That is easily done. Just ask them. Point your potential customers to your site, watch them navigate it and then ask them what your business does. If they can not immediately figure that out from any page on your site you have some major redesigning to do – and you need to pay for expert assistance because if you knew how to do it you would have already.

    • Joanna

      Amen! Early in my career, I gave up trying to resist phrases like “your strategic partner” and just started sprinkling those ‘corporate speak’ phrases in my copy for clients. They were thrilled. I wanted to bury my head in shame.

      It took years for me to come back around to the idea of insisting that my clients write what their customers want to hear. …But, even today, I quite often get such pushback as, “But our prospects are senior lawyers, so they need to be spoken to in a certain way.” As if these same senior lawyers don’t watch movies! Don’t read books! Don’t make decisions based on emotion! As if polysyllabic, empty words are the key to converting them…

      Just as copy can’t work without the appropriate UI design, design can’t work without the right copy. Great point, Gail!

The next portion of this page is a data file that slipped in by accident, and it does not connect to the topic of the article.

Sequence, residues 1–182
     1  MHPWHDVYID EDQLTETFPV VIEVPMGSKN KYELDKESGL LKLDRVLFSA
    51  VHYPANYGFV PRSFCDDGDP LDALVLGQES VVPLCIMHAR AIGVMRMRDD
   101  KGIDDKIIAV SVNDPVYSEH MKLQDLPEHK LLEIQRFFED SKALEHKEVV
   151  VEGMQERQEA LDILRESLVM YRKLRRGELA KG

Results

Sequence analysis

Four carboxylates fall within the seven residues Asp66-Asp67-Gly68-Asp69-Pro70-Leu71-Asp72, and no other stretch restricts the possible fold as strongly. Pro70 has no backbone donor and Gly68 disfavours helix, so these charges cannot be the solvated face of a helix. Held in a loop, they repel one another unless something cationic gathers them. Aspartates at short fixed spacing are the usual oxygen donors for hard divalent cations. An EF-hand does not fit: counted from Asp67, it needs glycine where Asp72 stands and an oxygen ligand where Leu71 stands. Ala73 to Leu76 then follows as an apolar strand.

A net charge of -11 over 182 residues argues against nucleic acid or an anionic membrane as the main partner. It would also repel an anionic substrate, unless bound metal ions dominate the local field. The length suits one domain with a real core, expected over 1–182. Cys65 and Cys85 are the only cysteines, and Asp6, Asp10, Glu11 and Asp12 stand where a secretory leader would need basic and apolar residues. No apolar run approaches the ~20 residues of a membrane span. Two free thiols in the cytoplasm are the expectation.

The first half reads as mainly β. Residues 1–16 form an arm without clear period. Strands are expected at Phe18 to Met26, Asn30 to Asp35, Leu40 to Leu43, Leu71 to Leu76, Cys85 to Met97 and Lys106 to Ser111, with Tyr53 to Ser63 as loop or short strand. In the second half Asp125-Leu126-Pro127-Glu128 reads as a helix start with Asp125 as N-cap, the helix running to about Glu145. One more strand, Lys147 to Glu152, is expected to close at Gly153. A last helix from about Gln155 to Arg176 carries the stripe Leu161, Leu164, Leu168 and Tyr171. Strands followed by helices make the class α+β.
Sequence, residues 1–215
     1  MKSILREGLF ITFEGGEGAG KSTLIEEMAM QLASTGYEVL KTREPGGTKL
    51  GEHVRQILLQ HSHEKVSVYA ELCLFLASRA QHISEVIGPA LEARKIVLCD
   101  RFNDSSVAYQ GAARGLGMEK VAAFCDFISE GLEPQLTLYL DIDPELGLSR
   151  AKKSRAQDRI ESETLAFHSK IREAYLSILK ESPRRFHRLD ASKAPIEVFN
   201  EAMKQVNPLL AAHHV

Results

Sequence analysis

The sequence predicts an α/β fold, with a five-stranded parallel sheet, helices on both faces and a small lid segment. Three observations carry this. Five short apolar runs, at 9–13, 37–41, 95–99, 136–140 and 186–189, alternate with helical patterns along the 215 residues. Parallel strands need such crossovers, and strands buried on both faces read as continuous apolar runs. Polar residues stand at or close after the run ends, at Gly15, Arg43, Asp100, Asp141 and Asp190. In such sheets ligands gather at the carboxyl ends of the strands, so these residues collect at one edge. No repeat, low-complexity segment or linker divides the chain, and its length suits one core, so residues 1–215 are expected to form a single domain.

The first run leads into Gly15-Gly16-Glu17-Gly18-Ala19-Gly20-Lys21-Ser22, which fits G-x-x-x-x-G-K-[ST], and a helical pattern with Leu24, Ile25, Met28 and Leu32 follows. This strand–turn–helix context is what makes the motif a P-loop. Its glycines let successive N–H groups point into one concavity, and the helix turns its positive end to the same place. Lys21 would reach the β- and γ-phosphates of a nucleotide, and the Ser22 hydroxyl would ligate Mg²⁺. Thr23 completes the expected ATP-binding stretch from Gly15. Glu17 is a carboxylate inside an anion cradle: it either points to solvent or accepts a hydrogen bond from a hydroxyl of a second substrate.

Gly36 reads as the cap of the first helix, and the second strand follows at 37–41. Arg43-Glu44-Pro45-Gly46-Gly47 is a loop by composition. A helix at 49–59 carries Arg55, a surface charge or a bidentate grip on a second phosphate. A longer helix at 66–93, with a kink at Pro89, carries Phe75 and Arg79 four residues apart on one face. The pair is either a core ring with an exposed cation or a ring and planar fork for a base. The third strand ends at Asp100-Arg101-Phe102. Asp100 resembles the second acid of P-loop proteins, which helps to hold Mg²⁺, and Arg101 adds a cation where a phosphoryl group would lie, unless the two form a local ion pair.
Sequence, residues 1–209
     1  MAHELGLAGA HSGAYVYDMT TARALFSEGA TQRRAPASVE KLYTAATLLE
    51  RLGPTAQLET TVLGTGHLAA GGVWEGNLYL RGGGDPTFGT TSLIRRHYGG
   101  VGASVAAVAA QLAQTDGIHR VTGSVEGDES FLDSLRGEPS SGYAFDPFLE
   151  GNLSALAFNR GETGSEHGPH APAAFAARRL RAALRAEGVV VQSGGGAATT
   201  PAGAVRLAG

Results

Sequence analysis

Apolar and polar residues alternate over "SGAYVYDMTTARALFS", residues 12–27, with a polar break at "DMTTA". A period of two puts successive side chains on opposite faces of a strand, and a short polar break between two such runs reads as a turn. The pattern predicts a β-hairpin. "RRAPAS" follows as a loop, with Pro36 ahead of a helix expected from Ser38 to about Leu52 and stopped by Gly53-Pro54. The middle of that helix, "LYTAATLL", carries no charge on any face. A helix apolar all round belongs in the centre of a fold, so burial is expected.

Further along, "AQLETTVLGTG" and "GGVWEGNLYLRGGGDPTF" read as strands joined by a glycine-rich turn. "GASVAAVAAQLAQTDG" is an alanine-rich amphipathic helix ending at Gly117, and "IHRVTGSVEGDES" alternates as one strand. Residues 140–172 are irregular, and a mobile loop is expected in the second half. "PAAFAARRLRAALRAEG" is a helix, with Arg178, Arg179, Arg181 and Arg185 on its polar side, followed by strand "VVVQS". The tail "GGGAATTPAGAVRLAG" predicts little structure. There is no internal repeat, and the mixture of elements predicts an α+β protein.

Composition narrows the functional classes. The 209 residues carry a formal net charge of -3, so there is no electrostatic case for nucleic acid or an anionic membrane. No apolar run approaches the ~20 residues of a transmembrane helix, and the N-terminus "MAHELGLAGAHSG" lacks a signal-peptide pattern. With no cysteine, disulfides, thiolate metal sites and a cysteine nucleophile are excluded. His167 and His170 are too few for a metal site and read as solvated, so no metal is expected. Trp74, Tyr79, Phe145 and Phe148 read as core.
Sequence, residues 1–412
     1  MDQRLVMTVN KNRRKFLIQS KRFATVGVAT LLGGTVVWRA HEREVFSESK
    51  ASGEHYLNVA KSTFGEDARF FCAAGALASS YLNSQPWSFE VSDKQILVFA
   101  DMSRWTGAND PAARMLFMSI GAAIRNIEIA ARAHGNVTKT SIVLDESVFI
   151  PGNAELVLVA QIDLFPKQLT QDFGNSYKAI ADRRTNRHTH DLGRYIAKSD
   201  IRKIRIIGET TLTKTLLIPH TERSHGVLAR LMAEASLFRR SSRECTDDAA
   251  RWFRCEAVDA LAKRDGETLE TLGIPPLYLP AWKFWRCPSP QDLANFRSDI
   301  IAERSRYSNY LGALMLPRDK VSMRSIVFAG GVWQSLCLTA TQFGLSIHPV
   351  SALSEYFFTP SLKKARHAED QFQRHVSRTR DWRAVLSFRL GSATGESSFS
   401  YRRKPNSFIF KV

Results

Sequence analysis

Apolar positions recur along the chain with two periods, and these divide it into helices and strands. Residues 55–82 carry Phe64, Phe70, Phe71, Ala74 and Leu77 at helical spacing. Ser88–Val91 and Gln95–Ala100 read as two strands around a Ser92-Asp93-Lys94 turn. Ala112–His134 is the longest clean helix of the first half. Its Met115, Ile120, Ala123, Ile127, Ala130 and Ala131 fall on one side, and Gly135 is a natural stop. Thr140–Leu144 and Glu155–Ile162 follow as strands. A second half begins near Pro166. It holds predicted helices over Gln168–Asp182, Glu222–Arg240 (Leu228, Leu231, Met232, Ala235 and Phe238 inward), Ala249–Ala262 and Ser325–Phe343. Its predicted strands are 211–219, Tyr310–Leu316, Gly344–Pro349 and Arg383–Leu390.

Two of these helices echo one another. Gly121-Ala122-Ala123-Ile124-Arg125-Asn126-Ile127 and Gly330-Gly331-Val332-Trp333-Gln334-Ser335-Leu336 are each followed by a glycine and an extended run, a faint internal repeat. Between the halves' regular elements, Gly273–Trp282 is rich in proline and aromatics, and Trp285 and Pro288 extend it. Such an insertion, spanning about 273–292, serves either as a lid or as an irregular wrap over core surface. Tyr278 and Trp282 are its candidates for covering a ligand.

• Diederik

    I work with a lot of businesses that work with a design agency or advertising agency for all their design and ui work. However 90% of these agencies i run into (in europe) think copy is just something the secretary writes after all the design work is approved.

    How do i explain to these agencies that copy-strategy needs to happen *before* the design process???

    • Joanna

      That’s a great question, Diederik… but it’s so hard to answer. I’ve been the writer in the boardroom when a half-dozen project managers casually dismiss the “text” (they don’t know it’s called “copy”) as a trivial afterthought. I’ve sat and watched “strategists” fuss over stock photo options without even discussing the words on the page.